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Plant Cell Environ. 2006 Dec;29(12):2205-15.

Declining hydraulic efficiency as transpiring leaves desiccate: two types of response.

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1
Department of Plant Science, University of Tasmania, TAS, Australia 7001. timothyb@utas.edu.au

Abstract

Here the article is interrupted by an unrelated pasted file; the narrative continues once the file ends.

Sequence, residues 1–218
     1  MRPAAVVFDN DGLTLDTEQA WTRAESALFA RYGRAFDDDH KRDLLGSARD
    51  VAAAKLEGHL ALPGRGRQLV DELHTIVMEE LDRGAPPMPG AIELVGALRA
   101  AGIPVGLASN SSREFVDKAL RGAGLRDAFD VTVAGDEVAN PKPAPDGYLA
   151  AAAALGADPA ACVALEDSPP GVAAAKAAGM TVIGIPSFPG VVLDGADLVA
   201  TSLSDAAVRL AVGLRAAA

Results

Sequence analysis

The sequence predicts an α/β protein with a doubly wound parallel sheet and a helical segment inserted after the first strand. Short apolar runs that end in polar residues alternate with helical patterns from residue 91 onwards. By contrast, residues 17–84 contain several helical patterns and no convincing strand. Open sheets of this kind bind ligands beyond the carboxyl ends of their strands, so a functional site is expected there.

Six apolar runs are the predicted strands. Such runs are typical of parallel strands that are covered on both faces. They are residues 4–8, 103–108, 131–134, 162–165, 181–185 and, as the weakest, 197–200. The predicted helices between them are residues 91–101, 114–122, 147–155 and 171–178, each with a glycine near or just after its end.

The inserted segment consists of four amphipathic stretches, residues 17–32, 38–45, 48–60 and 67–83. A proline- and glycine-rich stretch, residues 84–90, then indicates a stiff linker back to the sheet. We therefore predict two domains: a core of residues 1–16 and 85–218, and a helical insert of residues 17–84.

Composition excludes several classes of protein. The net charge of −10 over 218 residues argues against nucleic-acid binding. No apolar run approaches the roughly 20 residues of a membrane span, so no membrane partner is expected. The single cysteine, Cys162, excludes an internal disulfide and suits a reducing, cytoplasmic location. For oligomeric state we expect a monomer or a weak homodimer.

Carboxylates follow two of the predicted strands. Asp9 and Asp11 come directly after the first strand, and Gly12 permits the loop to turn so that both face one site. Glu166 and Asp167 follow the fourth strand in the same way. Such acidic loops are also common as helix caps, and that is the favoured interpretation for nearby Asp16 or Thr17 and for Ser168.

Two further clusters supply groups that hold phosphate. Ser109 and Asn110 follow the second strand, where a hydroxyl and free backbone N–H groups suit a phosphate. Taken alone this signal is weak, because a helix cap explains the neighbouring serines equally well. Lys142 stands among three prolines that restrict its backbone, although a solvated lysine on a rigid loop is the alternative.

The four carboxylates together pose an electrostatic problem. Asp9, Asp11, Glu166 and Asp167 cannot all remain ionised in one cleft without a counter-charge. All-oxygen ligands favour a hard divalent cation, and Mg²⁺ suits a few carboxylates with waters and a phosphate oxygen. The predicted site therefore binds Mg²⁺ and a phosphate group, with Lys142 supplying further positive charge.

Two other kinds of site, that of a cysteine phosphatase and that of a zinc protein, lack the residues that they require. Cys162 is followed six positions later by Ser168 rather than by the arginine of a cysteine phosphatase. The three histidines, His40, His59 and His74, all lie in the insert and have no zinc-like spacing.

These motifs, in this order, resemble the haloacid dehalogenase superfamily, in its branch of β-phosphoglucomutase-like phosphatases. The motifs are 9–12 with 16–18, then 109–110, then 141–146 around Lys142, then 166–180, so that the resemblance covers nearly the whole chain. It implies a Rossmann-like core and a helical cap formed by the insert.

The conductance of transpiring leaves to liquid water (Kleaf) was measured across a range of steady-state leaf water potentials (Psileaf). Manipulating the transpiration rate in excised leaves enabled us to vary Psileaf in the range -0.1 MPa to less than -1.5 MPa while using a flowmeter to monitor the transpiration stream. Employing this technique to measure how desiccation affects Kleaf in 19 species, including lycophytes, ferns, gymnosperms and angiosperms, we found two characteristic responses. Three of the six angiosperm species sampled maintained a steady maximum Kleaf while Psileaf remained above -1.2 MPa, although desiccation of leaves beyond this point resulted in a rapid decline in Kleaf. In all other species measured, declining Psileaf led to a proportional decrease in Kleaf, such that midday Psileaf of unstressed plants in the field was sufficient to depress Kleaf by an average of 37%. It was found that maximum Kleaf was strongly correlated with maximum CO2 assimilation rate, while Kleaf = 0 occurred at a Psileaf slightly less negative than at leaf turgor loss. A strong linear correlation across species between Psileaf at turgor loss and Psileaf at Kleaf = 0 raises the possibility that declining Kleaf was related to declining cell turgor in the leaf prior to the onset of vein cavitation. The vulnerability of leaves rehydrating after desiccation was compared with vulnerability of leaves during steady-state evaporation, and differences between methods suggest that in many cases vein cavitation occurs only as Kleaf approaches zero.

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